Find an article in a newspaper or magazine (or the online equivalent) describing a recent study in which the researchers collected data through observation or an experiment to draw a conclusion. A simple poll (like “43% of Americans like to eat sushi”) is not sufficient; you should be looking for something describing a significant research study. Some examples (don’t limit yourself to these):

an experiment testing a new drug or medical procedure

a study linking a food or exercise with causing or reducing the risk of a disease

a study about how some new teaching approach improves learning

a study about how people behave (example: a study showing incentives can cause us to be less efficient)

NOTE: If your article does not give any information about how the statistics/data were obtained, find a different article or dig deeper. Often, in a “popular interest” article, they will provide a link at the end to the scientific paper on which the article was based.

Give a brief summary of the article’s findings (statistics) (5 pts)

Discuss whether the article provides enough information to determine the validity of the (statistical) conclusions (5 pts)

Whether there is information that would be useful that was left out of the article (5 pts)

A list of things that are missing from the article that would help you determine the validity of the study (4 pts)

Be sure to cite the source of the article that you base this on. Include the web address to the specific article if the article is online. Include the article title, source, and date if the article is not online. (+1 pts for including, -10 pts if missing)

## Systems of equations are used in many cost models in the real world. Here is an

Systems of equations are used in many cost models in the real world. Here is an example scenario for you to consider.

Suppose you are running a carnival. You are selling hamburgers and sodas. A hamburger is $1.75 and a soda is .75.

You expect to make a total of $117.50 for the day

You also plan to sell 120 hamburgers and sodas

How many sodas and hamburgers will you sell each?

Suppose you decide to change the price ratio between hamburgers and soda’s so that they produce a more equal consumption of hamburgers and sodas.

What would you change the price to for each and why?

What would be the new amount of hamburgers and soda each at your price points?

For your discussion, you are asked to provide an example like the one presented here related to your profession (past, present or future). Any other example you come up with could work as well. Use the questions and prompts for the example shared above to help in formulating and formatting your example. Be sure to include your calculations in your example.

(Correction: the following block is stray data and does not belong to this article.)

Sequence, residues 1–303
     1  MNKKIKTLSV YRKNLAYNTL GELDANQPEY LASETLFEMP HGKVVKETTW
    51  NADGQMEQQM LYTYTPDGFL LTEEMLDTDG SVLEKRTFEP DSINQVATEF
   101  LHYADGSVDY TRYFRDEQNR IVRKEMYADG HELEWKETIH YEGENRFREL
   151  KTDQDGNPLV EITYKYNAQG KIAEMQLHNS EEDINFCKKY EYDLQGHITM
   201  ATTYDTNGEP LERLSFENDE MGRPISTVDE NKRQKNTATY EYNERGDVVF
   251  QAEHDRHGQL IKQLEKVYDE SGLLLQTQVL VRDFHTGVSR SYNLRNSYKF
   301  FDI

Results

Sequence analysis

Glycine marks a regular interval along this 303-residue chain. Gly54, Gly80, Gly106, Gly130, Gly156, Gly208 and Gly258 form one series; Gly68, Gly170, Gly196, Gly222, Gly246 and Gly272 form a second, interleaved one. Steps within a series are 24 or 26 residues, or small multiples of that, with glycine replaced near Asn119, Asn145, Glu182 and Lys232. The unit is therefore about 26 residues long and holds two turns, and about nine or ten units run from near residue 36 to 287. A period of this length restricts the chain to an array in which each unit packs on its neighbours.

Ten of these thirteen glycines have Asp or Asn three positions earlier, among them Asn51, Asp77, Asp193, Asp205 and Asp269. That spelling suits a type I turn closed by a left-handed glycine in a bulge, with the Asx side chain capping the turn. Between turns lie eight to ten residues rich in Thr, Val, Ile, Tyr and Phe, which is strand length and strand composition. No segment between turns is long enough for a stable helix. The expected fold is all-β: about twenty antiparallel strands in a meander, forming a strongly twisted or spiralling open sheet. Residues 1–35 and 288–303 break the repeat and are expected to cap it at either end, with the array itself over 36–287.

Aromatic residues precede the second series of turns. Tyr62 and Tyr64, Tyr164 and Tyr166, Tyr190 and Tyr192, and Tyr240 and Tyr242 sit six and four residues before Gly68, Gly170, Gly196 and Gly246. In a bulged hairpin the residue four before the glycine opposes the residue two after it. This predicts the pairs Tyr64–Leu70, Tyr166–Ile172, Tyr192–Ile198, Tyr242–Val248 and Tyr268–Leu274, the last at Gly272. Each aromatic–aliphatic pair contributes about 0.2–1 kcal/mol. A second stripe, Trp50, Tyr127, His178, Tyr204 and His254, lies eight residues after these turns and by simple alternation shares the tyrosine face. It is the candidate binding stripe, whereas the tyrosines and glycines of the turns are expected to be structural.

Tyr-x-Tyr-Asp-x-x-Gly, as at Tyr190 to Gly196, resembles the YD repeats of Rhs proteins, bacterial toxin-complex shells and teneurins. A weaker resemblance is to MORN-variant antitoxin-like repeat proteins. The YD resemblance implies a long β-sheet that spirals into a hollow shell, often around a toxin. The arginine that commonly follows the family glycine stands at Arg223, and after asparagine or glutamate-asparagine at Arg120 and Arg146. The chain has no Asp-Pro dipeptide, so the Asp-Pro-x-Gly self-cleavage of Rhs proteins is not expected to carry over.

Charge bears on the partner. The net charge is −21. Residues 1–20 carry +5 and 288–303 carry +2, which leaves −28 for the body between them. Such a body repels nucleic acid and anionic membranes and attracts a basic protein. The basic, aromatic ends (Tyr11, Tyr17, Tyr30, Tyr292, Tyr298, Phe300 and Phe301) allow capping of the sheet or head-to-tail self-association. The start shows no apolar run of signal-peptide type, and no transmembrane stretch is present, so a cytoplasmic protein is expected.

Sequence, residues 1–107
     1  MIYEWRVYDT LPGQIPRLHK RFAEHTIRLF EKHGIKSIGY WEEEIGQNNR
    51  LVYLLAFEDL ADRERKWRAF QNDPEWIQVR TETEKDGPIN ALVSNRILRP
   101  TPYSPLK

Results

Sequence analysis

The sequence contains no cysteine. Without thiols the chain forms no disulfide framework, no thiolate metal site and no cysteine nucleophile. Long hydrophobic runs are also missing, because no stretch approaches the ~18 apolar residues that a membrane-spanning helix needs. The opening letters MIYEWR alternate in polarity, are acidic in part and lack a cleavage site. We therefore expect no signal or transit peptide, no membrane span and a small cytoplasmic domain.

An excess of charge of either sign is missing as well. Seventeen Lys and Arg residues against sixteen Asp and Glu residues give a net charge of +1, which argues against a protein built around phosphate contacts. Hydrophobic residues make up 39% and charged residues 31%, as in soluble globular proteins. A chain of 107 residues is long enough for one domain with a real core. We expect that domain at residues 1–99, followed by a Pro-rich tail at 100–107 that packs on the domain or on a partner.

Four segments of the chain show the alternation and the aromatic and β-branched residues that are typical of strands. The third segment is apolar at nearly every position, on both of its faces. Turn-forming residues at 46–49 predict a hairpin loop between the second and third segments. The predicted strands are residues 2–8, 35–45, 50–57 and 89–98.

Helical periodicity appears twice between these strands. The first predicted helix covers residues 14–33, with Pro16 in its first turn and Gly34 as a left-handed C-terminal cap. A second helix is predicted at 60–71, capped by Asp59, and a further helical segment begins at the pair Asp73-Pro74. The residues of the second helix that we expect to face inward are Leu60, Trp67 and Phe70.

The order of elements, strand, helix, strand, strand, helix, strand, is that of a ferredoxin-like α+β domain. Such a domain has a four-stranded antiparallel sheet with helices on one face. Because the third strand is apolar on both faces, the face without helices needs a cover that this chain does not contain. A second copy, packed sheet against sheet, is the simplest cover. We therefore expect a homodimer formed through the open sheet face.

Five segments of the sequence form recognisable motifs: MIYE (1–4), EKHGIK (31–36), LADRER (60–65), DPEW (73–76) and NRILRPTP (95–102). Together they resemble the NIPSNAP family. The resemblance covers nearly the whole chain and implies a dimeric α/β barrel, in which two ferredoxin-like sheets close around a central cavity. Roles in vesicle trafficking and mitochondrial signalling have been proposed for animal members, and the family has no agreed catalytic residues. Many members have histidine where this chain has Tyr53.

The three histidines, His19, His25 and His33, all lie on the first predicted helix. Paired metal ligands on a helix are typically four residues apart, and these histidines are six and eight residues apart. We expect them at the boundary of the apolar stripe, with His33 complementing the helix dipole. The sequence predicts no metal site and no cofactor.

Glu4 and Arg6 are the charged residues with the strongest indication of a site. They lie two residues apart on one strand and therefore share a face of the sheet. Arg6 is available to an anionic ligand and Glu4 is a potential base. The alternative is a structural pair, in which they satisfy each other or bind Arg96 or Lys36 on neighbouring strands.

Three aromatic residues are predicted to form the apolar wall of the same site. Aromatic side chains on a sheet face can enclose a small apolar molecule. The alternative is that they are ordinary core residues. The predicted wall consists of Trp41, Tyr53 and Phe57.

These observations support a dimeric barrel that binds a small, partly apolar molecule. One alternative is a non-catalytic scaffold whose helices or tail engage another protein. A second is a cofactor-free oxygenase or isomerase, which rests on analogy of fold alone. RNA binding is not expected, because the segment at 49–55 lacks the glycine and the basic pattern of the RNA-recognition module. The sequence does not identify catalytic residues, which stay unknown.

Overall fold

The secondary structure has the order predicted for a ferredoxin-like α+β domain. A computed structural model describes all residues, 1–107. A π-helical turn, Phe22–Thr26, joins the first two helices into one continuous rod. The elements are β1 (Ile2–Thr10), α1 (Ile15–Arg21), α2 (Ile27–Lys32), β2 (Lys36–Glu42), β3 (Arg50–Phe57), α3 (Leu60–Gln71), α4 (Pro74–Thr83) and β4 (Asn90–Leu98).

Please be sure to validate your opinions and ideas with citations and references in APA format.

## https://youtu.be/sI1C9DyIi_8 Math for Liberal Arts Workbook Mathematical Models:

Math for Liberal Arts Workbook

Mathematical Models: Exponential Functions

Arithmetic, Population, and Energy

Professor Bartlett

As we watch the video of Professor Bartlett’s lecture on Arithmetic, Population, and Energy take

notes. Particularly, pay attention to his answers to the following questions. You will not be asked

to address the math techniques.

1. What does Doctor Bartlett claim is “the greatest shortcoming of the human race”?

2. What is meant by ‘steady growth”?

3. How long does it take for a quantity to double if it is growing steadily at 5% per year?

4. How long does it take for a quantity to double if it is growing steadily at 7% per year?

5. Why is this sobering: “Every time a growing quantity doubles, it take more than you have

already used up to that point”?

6. How can he claim that “zero population growth will happen”?

7. When you have bacteria in a bottle and the bottle is 1/2 full, what time is it?

8. How much time does the enterprising bacteria buy for themselves by finding 2 new bottles?

9. What is the analogy that Professor Bartlett wants us to recognize when he talks about bacteria?

Write an essay about this video.

• summarize his main points

• Include points or ideas that you found most interesting, surprising or alarming.

•Be sure to include references to the math he employs, the problems he brings up, and what you learned.